RURAL Fire Service firefighters across the region are alert but not alarmed.
The Tamworth RFS control centre is a hive of activity with crews on standby in all districts and ready for action if needed.
Tamworth RFS Inspector Steve Prior said the statewide fire ban was in place to reduce the risk of fire, because they had enough problems due to the weather.
There are 30 Section 44s (state of bushfire emergency) declared across the state, with 20 declared as a pre-emptive move.
“It’s about being prepared and having access to resources if we require them,” Inspector Prior said.
“When the commissioner declares a state of emergency, he is able to bring certain things into place, like accessing funding for aircraft, taking people from one end of the state to another and being able to have multi-agencies available.”
Inspector Prior said he had contacted all 38 brigades in the Tamworth region to make sure they were aware of the conditions and asked them to let their members know what was happening and find out the likelihood of putting a crew together quickly if necessary.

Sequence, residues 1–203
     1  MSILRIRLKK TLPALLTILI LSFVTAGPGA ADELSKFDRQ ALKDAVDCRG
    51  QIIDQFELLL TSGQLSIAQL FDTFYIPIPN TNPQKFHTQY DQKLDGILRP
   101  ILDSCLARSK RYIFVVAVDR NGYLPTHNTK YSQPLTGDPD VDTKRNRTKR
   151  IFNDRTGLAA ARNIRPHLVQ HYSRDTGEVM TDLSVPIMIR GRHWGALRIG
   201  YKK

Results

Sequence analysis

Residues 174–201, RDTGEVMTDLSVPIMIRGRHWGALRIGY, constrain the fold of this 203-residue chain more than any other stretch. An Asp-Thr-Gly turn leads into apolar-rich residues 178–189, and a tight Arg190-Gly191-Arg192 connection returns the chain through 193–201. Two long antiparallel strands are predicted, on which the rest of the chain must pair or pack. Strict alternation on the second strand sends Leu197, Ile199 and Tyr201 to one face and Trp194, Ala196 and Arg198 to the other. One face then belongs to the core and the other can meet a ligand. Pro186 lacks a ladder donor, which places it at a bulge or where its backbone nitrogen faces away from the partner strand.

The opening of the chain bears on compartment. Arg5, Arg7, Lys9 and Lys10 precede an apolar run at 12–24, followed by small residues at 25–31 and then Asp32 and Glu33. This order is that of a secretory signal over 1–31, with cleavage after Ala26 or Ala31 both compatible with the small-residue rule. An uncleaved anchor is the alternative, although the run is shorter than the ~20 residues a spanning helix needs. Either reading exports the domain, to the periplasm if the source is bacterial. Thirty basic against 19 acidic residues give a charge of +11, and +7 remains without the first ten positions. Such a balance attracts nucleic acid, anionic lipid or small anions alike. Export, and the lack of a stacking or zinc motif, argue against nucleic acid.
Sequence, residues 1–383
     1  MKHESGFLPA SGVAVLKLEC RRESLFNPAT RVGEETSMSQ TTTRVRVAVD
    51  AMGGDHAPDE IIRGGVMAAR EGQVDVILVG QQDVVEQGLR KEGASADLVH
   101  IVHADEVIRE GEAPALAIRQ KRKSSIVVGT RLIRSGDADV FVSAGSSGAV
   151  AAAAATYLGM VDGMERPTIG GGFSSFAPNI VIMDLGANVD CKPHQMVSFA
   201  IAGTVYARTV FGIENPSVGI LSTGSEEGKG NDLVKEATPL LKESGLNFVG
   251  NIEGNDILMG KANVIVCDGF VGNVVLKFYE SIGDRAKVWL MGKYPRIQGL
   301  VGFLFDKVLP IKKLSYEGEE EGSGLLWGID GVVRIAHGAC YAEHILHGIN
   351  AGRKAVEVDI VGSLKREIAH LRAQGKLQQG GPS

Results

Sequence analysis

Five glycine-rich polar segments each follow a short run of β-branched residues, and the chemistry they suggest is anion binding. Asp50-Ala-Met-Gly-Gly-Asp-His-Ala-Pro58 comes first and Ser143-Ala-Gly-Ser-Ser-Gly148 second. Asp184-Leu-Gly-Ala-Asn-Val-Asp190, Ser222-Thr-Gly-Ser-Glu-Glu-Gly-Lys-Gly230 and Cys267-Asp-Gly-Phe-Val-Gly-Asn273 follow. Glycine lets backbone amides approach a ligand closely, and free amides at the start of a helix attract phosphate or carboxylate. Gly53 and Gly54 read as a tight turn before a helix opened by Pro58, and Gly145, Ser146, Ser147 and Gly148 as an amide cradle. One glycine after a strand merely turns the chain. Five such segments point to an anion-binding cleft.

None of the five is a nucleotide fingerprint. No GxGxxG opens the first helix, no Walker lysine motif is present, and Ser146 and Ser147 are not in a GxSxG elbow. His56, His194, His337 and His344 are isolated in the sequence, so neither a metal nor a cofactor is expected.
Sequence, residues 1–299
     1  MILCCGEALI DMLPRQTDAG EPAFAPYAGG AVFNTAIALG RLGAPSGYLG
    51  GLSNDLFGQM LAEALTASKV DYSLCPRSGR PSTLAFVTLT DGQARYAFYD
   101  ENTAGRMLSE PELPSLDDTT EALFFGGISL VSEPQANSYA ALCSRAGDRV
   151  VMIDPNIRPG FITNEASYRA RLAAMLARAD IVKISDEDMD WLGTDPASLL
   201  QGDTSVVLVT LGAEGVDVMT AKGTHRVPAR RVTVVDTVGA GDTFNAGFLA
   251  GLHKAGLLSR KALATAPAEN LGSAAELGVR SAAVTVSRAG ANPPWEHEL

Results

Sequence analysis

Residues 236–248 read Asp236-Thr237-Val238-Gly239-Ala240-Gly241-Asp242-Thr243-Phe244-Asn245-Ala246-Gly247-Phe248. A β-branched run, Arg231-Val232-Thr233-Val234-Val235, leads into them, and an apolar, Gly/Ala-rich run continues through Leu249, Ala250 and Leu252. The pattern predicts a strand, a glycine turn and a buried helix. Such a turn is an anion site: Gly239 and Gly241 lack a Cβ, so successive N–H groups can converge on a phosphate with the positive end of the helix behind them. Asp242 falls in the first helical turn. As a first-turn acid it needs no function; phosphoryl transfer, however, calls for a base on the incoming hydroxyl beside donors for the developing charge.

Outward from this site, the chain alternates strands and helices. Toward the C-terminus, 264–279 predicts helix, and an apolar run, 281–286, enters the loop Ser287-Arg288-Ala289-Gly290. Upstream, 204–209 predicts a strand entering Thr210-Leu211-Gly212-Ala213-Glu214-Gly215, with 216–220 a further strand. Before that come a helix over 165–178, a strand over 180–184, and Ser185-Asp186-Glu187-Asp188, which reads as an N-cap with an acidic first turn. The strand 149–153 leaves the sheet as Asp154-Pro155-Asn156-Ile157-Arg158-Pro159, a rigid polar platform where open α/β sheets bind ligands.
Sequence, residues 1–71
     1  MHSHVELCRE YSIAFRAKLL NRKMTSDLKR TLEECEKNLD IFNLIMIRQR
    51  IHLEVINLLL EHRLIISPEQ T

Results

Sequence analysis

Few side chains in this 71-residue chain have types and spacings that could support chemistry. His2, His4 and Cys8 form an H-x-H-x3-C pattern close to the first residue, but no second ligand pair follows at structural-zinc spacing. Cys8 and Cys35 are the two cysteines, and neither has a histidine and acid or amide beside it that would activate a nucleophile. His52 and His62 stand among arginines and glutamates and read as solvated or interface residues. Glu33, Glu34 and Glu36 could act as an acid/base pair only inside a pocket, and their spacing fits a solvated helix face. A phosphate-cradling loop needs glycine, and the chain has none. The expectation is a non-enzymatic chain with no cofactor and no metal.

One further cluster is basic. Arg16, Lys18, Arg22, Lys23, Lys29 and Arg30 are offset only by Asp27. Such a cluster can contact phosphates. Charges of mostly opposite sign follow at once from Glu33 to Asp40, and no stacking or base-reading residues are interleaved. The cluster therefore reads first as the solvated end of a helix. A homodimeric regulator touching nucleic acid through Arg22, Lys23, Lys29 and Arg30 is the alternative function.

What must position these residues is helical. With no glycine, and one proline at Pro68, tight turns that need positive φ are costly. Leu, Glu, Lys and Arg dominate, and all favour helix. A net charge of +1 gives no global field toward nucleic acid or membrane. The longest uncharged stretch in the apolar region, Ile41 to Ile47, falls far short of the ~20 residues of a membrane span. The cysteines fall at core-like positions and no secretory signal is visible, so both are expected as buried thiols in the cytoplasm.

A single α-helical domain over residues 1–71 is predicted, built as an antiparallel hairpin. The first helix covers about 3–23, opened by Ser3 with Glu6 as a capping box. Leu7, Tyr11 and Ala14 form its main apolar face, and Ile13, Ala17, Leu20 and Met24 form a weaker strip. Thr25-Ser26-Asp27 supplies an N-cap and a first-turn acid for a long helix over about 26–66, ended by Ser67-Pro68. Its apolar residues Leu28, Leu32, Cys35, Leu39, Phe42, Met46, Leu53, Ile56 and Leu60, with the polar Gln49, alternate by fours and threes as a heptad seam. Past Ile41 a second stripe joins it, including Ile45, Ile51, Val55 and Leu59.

“There is a distinct advantage in having crews ready,” he said.
No crews have been brought into our region and none moved elsewhere as yet, but crews from the coast, where they don’t have the extreme weather yet, have been moved to Central Western areas including Dubbo.
“We are minimising the risk by reducing the number of fires that are lit,” Inspector Prior said.
Use of machinery that could cause fires is also discouraged.
“You would have to be a fool to use a welder or an angle grinder in these conditions,” Inspector Prior said.
“Saturday and Sunday are looking to be 41 and 42 and we have low humidity so what was green three days ago is now brown.
The conditions favour fires starting and spreading rapidly and it makes it very challenging for our crews and support agencies to get on top of it. The things you see happening in Tasmania and Victoria could happen here.”
Inspector Prior said today would be a bad day for Tamworth due to north-west winds bringing hot air from the desert which has dried the area it has travelled over through the Central West. Then we’re expecting a south-west change, so all the hot air will get sent to Tamworth and the New England.
Added to that, the region has plenty of grass that has been building up over two to three years of wet summers.
Inspector Prior was also concerned about lightning strikes.
“Experience tells us that three to four days of hot, dry weather are almost certainly followed by thunderstorms and the last few haven’t had much rain in them,” he said.